It can be said that Mary is important for both Protestant and Catholic and we shouldn’t just bring her out at the end of Advent and pack her up again with the Christmas tinsel and wrapping paper on the 26th!  From all we do and do not know (which sometimes is not much), a young girl, maybe as young as 12 or 13 or 14 years of age, – maybe the daughter of a peasant farmer who would have arranged the marriage – is betrothed (probably married) to a much older man, probably a widower, and suddenly finds herself pregnant. And that would have been one heck of a shock!

From all we do and do not know, Mary lived in occupied territory and during a world-wide demonstration of Roman imperial might, under the oppressive authority of the ‘divine saviour’ Augustus. This is a long way from the nativity-scene peasant-hood we find many wanting to erect in shopping centres and church foyers, at this time of the year. Maybe this is why the tree has sneakers on it?

Mar will have known what the Palestinians know today. Segregation. A minority place, and what it was to be a woman.

Maybe, instead of getting caught up in the modern fundamentalist debate and about the so-called historical factualness of a ‘virgin birth’, for instance, we might abandon it as a debate that ends up demeaning rather than honouring Mary. Supporting submission and surrender as the place of women and the romanitised paragon of compliance that has the potential of abuse.

Whatever we may choose to believe or not believe about a supernatural virgin birth or virgin conception, the world is not the phantom’ world of the traditional 19th century carols, even, and hers’s the rub, even if Luke believed it –

Like the deification of Jesus it should never be used as a disqualification of Mary’s humanity or womanhood, or for that matter, Jesus’ humanity or manhood.

So using the imagination of a storyteller, as did Mark before him when he spoke of John the ‘dipper’, Luke tells this story to give more status and honour to this ordinary woman, which in turn, gives even more honour and status and significance to Jesus.

Jesus… a child born of ‘middle-eastern appearance’, and from the moment of his conception a life is at risk because of cultural and religious issues. This is where the Jesus story hits home in all cultures and in all times. The world we create needs an awareness of our human ability to shape our world. A Christmas story that doesn’t need sneakers on its trees because it transcends those trees as part of the culture that needs questioning.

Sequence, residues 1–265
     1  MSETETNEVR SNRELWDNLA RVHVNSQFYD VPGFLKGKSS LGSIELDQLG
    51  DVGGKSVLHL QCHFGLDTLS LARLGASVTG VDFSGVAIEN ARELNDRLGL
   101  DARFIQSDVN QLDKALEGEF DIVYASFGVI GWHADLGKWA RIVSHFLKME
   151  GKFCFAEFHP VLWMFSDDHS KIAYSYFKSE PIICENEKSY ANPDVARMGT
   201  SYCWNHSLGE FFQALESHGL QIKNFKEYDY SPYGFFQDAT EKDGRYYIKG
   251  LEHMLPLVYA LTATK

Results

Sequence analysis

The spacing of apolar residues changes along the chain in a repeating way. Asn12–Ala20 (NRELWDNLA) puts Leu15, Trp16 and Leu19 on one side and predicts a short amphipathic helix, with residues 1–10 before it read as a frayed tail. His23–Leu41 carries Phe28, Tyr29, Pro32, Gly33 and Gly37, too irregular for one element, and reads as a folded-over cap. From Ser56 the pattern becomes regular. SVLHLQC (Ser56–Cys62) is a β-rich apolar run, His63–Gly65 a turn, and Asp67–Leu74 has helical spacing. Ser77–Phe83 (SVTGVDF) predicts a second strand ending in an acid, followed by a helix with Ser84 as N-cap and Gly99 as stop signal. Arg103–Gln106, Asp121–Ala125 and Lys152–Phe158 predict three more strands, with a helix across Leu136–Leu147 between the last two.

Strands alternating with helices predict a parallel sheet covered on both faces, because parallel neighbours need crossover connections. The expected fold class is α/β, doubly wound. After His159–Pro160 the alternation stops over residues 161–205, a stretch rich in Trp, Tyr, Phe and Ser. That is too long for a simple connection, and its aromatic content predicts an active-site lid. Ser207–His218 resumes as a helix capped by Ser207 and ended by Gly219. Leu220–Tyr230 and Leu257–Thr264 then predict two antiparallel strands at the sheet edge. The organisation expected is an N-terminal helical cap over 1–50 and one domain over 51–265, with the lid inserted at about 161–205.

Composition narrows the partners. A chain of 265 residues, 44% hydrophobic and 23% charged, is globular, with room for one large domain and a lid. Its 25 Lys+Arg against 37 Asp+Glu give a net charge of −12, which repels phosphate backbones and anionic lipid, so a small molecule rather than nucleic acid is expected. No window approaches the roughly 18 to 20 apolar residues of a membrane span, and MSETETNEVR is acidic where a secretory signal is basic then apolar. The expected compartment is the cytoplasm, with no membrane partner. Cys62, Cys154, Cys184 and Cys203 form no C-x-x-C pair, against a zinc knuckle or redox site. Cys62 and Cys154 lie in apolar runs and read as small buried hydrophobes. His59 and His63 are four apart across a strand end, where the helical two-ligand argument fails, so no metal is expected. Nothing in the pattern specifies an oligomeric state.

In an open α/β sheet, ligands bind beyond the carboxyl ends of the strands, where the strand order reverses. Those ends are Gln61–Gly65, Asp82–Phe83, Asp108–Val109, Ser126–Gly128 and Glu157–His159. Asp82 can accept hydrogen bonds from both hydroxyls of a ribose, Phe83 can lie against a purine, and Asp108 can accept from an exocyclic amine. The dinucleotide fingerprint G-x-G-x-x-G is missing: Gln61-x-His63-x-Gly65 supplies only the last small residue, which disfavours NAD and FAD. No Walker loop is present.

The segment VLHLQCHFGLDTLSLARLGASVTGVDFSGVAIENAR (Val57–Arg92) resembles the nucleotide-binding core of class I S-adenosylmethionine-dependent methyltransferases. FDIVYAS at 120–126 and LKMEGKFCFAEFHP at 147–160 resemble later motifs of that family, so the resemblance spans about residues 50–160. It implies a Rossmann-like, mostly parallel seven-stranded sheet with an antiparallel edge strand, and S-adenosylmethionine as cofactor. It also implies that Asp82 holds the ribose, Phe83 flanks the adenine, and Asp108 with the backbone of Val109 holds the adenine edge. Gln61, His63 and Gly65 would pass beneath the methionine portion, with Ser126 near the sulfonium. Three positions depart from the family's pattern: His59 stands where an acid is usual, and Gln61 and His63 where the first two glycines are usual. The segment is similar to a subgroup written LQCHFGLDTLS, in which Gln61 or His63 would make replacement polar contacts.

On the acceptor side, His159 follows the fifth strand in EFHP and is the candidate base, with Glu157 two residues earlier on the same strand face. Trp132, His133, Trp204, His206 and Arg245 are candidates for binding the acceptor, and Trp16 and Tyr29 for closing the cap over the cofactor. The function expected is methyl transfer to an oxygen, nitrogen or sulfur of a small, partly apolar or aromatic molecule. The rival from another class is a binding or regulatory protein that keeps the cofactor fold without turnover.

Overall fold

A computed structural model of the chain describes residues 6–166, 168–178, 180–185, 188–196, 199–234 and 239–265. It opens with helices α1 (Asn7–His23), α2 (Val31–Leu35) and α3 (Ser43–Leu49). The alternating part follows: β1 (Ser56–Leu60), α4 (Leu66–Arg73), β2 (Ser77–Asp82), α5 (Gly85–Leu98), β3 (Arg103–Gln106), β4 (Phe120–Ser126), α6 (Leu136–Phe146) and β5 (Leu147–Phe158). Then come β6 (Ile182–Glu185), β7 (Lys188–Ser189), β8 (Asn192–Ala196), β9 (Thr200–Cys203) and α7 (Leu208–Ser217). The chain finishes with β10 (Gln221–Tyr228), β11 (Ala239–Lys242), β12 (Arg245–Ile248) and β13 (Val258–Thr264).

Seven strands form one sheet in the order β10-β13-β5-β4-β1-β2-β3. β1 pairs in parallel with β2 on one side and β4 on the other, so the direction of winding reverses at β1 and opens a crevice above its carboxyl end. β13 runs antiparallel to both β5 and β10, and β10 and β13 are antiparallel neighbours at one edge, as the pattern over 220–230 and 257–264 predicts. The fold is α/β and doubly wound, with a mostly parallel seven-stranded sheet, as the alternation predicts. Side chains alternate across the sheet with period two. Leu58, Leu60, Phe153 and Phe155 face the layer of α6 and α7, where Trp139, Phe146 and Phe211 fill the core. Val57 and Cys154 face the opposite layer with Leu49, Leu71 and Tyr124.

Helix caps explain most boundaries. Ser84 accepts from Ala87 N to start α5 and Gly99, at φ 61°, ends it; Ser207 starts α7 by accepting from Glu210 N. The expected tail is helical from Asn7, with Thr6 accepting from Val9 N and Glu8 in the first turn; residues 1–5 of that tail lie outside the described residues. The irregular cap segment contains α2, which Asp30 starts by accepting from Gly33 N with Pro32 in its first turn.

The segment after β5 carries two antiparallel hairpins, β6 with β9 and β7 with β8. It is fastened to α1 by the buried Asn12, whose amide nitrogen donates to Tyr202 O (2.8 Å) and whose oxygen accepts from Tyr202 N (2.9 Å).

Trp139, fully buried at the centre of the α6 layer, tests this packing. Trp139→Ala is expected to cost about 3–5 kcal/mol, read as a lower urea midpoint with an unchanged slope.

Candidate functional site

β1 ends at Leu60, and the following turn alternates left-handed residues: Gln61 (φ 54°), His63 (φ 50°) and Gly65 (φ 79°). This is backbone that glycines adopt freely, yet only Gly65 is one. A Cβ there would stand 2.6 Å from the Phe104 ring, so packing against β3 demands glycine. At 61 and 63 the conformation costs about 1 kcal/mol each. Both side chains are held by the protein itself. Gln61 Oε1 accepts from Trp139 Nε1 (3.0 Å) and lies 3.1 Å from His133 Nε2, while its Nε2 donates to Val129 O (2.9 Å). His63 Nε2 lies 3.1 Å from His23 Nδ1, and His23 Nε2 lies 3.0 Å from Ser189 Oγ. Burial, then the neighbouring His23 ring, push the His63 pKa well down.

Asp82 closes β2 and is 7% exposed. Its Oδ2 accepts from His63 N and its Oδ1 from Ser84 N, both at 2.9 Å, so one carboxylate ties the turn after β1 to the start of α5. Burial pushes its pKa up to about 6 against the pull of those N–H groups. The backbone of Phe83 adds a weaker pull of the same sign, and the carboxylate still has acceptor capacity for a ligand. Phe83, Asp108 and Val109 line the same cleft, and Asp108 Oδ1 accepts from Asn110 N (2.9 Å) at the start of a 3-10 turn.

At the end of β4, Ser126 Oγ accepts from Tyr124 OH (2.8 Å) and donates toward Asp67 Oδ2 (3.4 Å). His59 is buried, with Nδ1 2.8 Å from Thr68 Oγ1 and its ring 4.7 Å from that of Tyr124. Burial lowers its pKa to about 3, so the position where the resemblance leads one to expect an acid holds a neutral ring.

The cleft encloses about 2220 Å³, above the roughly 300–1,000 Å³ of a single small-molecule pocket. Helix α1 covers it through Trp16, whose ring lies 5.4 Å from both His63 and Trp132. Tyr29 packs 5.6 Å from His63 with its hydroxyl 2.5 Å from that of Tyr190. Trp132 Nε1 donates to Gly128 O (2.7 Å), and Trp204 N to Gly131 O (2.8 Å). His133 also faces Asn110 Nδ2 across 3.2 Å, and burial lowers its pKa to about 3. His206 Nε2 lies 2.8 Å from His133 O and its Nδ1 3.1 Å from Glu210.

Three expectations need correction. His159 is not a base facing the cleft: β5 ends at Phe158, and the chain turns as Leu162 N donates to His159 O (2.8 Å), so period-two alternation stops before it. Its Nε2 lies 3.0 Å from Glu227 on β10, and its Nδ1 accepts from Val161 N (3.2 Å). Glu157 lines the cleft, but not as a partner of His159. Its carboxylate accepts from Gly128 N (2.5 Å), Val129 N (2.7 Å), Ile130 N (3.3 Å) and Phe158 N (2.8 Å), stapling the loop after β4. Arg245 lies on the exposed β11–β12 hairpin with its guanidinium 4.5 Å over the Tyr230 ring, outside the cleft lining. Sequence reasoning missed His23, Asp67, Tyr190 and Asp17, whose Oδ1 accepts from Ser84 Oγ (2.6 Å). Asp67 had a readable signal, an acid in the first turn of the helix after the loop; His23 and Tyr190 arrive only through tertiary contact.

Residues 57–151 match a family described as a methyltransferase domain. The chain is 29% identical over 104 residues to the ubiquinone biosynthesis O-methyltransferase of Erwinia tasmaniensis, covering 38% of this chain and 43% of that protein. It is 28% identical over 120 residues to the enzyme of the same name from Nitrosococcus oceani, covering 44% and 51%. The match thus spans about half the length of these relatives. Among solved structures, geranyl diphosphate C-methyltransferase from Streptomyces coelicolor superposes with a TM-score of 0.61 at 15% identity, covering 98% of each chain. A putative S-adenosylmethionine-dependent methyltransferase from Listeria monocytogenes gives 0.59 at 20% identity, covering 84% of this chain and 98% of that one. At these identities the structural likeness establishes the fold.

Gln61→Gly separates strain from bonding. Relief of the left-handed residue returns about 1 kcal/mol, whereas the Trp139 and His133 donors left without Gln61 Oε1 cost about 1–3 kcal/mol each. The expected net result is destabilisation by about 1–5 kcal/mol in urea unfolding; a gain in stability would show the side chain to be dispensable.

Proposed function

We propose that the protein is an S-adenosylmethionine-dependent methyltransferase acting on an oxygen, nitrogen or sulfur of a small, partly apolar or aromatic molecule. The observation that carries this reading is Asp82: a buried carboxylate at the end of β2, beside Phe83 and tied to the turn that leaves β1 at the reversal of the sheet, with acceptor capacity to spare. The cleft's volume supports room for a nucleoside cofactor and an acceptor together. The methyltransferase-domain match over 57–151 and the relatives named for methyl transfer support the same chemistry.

So at the end of this season called Advent, we ask again the question we implied on the first Sunday of this season: where is the ‘good news’? What is the Gospel for us today?

The numbers of people abandoning the church would suggest that the good news is not to be found in the spectacular, the dramatic, the supernatural but rather where it has always been: in us. In ‘ordinary’ us. In those like us.  And not like us. In the ordinary ways ordinary people can be someone through whom something serendipitous, creative, sustaining, and transformational, enters anxiety and stress and renews it.

This is the provocative challenge and the promise of Advent. A call to engage meaningfully in life. To Love wastefully. And to Be all that we can be. (John S Spong)

And that is an Advent word.  That is a word of courage, trust, peace and hope! Because Advent is rooted in our everyday experiences. With an incognito God I like to call a serendipitous creating, that sustains, renews and loves.

May we then, continue to be blessed, and be a blessing to others. And fall in love with life, again. Amen.

Notes:

Borg, M. J. & J. D. Crossan. The First Christmas. What the Gospels Really Teach about Jesus’ Birth. New York. HarperOne, 2007.

Crossan, J. D. God and Empire. Jesus against Rome, Then and Now. New York. HarperSanFrancisco, 2007.

Ludemann, G. Virgin Birth? The Real Story of Mary and her Son Jesus. Harrisburg. Trinity Press International, 1998.

Miller, R. J. Born Divine. The Births of Jesus and Other Sons of God. Santa Rosa. Polebridge Press, 2003.

Hunt, R. A. E. Cards, Carols, and Claus: Christmas in Popular Culture and Progressive Christianity. Preston. Mosaic Press 2013; Morning Star Publishing, 2014